Four days after the earthquake, Nepal Rastra Bank, the central bank of Nepal, issued a directive that all funds raised for the earthquake disaster must be deposited in the Prime Minister’s Disaster Relief Fund. It further stated that any funds so far deposited into accounts of individuals and agencies raising funds for relief would be transferred to the Prime Minister’s Fund, explaining that, “While the Govemment (sic) appreciates any and all genuine initiatives to help victims, it also has a duty to regulate the raising of the public funds and contribution (sic) in the name of disaster, so that benevolent donations are not misused and the rights of victims are protected.” The government of Nepal has a less than reliable track record in this regard. The purpose of the Prime Minister’s Disaster Fund is to “ensure effective rescue and relief following natural disasters through a fast track method which reduces administrative hassles and procedural delays.” Yet, more than three billion Rupees ($27 million USD) intended for the victims of floods and landslides that occurred in the western reaches of Nepal in 2014 has been sitting in this fund for more than a year, awaiting distribution.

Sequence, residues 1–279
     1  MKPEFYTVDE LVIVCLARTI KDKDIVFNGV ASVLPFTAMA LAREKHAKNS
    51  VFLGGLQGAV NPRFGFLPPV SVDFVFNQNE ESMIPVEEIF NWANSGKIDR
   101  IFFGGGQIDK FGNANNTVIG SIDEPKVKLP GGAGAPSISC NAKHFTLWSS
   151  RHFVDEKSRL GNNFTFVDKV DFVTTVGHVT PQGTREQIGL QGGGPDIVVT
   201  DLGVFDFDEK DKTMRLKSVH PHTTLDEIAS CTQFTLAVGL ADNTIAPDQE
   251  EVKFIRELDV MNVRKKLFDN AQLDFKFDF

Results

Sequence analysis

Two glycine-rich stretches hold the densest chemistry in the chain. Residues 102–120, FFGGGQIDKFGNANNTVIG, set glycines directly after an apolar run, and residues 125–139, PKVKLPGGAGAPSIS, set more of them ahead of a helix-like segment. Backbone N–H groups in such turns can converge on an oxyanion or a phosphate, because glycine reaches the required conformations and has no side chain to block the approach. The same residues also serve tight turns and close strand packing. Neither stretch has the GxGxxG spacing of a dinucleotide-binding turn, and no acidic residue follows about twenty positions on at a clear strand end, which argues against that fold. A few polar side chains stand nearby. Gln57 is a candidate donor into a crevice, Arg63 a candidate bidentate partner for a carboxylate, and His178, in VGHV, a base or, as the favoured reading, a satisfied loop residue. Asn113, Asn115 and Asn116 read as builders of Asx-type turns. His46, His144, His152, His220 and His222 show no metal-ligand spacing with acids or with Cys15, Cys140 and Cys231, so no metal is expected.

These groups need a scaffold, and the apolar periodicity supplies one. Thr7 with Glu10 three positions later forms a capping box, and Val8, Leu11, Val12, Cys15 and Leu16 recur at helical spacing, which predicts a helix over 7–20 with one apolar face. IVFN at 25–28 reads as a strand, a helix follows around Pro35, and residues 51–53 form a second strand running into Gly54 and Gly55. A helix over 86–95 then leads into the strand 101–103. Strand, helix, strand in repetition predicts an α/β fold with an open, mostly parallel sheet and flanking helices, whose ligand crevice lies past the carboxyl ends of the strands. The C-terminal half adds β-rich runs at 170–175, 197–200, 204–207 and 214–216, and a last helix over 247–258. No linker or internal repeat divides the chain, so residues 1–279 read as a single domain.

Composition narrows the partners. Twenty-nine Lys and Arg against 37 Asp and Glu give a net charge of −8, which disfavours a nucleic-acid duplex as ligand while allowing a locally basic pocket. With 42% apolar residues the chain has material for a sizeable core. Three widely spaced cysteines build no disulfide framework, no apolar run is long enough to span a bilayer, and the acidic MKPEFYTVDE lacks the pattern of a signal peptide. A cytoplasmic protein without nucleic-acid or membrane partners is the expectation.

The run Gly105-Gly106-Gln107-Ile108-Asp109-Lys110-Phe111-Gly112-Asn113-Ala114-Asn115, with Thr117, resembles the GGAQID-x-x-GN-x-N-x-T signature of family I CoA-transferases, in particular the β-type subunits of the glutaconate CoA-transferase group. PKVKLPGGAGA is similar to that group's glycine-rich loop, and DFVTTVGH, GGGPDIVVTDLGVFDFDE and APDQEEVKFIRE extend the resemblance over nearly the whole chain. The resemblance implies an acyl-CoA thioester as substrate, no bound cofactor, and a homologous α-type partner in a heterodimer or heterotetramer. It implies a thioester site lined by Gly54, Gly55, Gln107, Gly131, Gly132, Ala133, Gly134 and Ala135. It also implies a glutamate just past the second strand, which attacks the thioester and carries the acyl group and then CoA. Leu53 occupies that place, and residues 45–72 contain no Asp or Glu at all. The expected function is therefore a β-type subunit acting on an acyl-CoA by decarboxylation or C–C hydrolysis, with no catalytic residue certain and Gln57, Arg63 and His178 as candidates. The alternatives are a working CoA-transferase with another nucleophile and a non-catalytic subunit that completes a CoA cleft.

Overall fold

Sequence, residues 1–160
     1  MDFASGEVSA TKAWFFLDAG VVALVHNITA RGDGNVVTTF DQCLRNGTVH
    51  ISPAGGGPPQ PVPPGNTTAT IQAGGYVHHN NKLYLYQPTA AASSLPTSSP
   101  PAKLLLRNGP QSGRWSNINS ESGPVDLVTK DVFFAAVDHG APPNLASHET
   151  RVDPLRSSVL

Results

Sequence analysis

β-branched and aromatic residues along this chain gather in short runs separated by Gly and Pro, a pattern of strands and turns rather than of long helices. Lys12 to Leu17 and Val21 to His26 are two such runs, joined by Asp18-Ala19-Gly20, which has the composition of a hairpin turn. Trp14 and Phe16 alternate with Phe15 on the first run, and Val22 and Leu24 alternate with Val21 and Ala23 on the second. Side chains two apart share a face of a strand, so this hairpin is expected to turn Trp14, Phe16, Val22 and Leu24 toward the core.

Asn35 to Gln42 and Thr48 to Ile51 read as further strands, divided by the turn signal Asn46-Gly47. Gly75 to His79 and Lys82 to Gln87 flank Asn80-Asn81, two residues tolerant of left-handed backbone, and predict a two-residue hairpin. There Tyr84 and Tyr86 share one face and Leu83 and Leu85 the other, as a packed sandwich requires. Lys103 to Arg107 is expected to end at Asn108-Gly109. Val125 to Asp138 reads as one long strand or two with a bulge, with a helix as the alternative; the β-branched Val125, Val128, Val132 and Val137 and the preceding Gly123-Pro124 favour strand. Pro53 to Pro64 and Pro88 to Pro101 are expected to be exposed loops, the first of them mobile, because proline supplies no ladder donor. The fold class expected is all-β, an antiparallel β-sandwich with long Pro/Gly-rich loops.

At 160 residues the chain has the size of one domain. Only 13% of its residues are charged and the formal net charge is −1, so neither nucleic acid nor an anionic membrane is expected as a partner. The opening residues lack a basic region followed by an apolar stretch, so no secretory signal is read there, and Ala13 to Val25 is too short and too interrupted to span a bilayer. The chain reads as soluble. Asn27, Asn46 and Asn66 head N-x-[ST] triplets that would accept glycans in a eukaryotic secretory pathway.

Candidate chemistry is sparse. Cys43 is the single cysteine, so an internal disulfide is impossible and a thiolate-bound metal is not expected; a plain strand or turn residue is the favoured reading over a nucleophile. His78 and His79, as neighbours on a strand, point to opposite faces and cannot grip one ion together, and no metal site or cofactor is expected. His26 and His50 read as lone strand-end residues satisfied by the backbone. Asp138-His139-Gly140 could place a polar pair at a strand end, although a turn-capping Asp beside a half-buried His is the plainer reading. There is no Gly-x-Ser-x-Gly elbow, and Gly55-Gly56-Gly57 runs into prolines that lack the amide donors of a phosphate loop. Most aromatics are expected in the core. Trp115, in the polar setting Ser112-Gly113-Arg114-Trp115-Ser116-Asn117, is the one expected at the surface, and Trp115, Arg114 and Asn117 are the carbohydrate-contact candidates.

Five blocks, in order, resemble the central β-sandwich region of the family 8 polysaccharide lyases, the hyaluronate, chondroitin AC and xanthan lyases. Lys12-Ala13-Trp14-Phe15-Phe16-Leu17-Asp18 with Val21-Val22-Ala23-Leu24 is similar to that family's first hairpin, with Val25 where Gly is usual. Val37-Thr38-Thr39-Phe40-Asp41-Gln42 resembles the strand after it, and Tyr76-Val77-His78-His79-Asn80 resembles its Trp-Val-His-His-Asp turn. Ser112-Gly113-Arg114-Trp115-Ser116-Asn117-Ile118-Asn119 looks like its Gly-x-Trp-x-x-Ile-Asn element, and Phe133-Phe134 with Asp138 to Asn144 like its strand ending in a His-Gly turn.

According to the UK’s Telegraph, “The announcement was seen as an attempt by the ruling Nepal Congress Party to seize control of millions of pounds of aid donations being sent from around the world and raised fears that it could be allocated for political considerations rather than humanitarian need.” The edict put a distinct damper on many fundraising efforts around the world, forcing the Nepali government to modify their position. Three days later, it clarified that “the directive does not affect accounts maintained before 25 April 2015 by development organizations, relief agencies and other social organizations.” Although this order had little effect on agencies like the International Red Cross and Oxfam, which operate independently in Nepal, they reported that relief supplies were being held up at the border by Customs officials, who took advantage of the disaster to up their normal intake of bribes.